Supervisor Elham AbolFateh
Editor in Chief Mohamed Wadie

Lesser-known Facts about Isaac Newton on His Death Anniv.

Fri 31 Mar 2023 | 01:27 PM
Ahmed Emam

Today marks the death anniversary of Isaac Newton, fondly known as the "Natural Philosopher". 

Born on January 4, 1640, in the United Kingdom, Newton is regarded as one of the greatest mathematicians and physicists of all time and among the most influential scientists.

Newton is known as a great innovator, mathematician, physicist, astronomer, and author of Philosophiæ Naturalis Principia Mathematica book. He established the universal laws of motion and gravity, which says that "every particle attracts every other particle in the universe with force directly proportional to the product of the masses and inversely proportional to the square of the distance between them."

In June 1661, Newton was admitted to Trinity College at the University of Cambridge, where he started as a subsizar, paying his way by performing valet duties until he was awarded a scholarship in 1664, which covered his university costs for four more years until the completion of his MA.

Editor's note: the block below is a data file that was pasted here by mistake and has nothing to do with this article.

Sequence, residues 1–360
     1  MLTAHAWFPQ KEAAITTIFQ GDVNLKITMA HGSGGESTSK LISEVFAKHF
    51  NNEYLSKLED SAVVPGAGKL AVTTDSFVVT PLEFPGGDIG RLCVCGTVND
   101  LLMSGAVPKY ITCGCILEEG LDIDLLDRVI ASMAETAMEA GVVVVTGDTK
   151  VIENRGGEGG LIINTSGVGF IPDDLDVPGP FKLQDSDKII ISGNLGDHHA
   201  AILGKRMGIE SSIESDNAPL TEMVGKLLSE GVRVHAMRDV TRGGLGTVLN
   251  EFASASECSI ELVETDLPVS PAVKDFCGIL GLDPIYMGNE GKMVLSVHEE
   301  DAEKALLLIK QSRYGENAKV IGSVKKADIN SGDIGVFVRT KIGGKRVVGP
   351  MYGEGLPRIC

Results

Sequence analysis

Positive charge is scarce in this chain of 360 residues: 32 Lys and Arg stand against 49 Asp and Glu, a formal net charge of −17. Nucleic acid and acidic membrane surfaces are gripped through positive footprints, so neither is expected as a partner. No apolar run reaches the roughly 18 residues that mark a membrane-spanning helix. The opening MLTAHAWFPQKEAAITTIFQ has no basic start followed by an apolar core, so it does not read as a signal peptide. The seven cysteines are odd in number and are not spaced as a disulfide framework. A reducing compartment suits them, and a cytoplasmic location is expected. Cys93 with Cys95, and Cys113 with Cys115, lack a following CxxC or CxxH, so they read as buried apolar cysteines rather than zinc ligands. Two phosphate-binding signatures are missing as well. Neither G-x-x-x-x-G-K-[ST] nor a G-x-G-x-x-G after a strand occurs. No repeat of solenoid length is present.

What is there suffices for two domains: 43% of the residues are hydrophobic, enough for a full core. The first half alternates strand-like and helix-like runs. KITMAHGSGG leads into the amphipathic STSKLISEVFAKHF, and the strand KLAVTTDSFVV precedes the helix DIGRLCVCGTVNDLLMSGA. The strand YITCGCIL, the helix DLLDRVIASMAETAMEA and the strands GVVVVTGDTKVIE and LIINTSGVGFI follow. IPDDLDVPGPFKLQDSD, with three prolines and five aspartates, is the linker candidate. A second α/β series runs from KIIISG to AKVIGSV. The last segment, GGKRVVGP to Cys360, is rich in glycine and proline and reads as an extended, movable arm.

Sir Isaac Newton was the first scientist who legitimately tried to find an explanation as to why every object that holds some weight, plummets only towards the ground.

This came after he was hit on the head with a big old apple, under a tree contemplating life when an apple struck him on the head, simultaneously making a light bulb about gravity go off.

However, another story said Newton was merely looking out the window when he happened to see the fruit drop.

Moreover, Newton invented the first practical reflecting telescope and developed a sophisticated theory of color based on the observation that a prism separates white light into the colors of the visible spectrum. His work on light was collected in his highly influential book Opticks, published in 1704.

Throughout his career, he secured many high positions in the UK like deputy comptroller of the temporary Chester branch for Edmond Halley and took up the post of warden of the Royal Mint in 1696. Newton became perhaps the best-known Master of the Mint upon the death of Thomas Neale in 1699, a position Newton held for the last 30 years of his life.

In 1727, Newton died in his sleep in London. The well-known scientist was given a ceremonial funeral, attended by nobles, scientists, and philosophers, and was buried in Westminster Abbey among kings and queens. He is also the first scientist to be buried in the abbey.